The Circle Is Unbroken
When Norman Blake performs at Swallow Hill on Saturday night, more than a few audience members will probably be there because they bought the soundtrack to the movie O Brother, Where Art Thou?, a wonderful collection of rootsy country music. On it, the 63-year-old Blake performs two numbers: "You Are My Sunshine" and an instrumental version of "I Am a Man of Constant Sorrow," the movie's signature song. Nearly two million copies of the disc have sold, making it the year's best-selling country album so far. (Bona fide!) Considering that it's been virtually ignored by the aural wasteland known as country radio, that's an incredible feat. It's as if Webb Pierce, dressed in a Nudie suit, had crashed a garden party hosted by Faith Hill and Shania Twain.
Blake isn't surprised, though. To him, the success of O Brother is proof that there's a craving out there for the real deal -- simple, honest, soul-baring country music -- which isn't to be confused with the spineless, suburbanized drivel that comes out of Nashville these days. "I just wish they'd call it something besides country music," Blake says in a buttery drawl from his home in Rising Fawn, Georgia (population 4,000), "because I love country music, and I think it's an insult to call what they do country music. It has no relation to it at all."
The O Brother soundtrack, he continues, "just happened to be some old-fashioned country music that, through a fluke, got on a major label and got some press and some exposure through a movie. And people heard it. If people know about it, they like it! There is a market out there. But we are so excluded from mainstream radio; I don't think that record got on the radio at all. It's just as underground as one of my records as far as radio goes."
Since 1972, when he released his first solo album, Back Home in Sulphur Springs, on Rounder Records, Blake has forged a highly regarded music career playing acoustic instruments -- guitar, mandolin and dobro -- and singing, in a soft, plaintive voice, old-time country songs, many of them culled from his collection of 78s. (The most frequent songwriting credit on his 25 or so albums appears to be "Traditional.") His own compositions sound as if they could have been written more than a century ago.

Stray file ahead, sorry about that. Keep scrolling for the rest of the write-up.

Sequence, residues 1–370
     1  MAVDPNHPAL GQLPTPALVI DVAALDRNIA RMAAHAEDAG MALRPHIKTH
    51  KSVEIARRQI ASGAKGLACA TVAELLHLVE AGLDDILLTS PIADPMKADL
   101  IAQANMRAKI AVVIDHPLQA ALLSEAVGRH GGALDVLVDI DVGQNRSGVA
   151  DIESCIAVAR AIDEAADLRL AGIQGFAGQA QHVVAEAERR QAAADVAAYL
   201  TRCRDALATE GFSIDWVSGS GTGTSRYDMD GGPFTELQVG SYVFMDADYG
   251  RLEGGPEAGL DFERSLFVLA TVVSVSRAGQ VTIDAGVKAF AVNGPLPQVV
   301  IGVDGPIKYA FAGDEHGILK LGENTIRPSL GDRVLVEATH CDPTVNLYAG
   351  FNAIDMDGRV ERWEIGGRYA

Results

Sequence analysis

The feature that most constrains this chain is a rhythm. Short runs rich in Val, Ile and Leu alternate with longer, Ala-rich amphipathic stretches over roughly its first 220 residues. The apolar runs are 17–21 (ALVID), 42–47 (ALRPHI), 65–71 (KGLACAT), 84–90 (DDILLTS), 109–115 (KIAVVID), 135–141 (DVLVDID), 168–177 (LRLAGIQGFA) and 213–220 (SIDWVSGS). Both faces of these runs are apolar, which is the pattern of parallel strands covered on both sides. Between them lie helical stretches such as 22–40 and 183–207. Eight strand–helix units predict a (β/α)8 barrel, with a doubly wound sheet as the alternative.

"I always just wanted to write something that I thought stood up as good as the old," he says. "The old is the yardstick that I judge my own work against."
The musical category "Americana" seems to have been invented solely to describe Blake's recordings. His latest album, Flower From the Fields of Alabama, on the New York-based Shanachie label, is a typical Blake offering -- an eclectic collection of such Southern harmonious delights as "Salty Dog," "Sitting on Top of the World" and "If We Never Meet Again (This Side of Heaven)." Accompanied by guitarist Bob Chuckrow, Blake plays a number of vintage instruments, all conveniently listed in the liner notes. (Blake has long been considered one of the best flatpickers around.) He prefers old Martins and Gibsons for their rich, honeylike tones. "I like that old sound and feel," he says. "There's something in those old instruments."
Indeed, Blake prefers the old to the new in just about everything. He dresses in Amish-style black-and-white garments, and his gray beard is long and scraggly. He hasn't flown since 1974. (He drives to gigs in an old pop-top camper.) He hates big cities and lives in a rambling farmhouse just three miles from where he was born. "I live in the country and prefer to stay there," he says. "I'm very uncomfortable with a lot of the modern world, always have been." These days, he says, Nashville, two hours' drive from Rising Fawn on Interstate 24, is full of "rude people -- and the pace is fast and furious."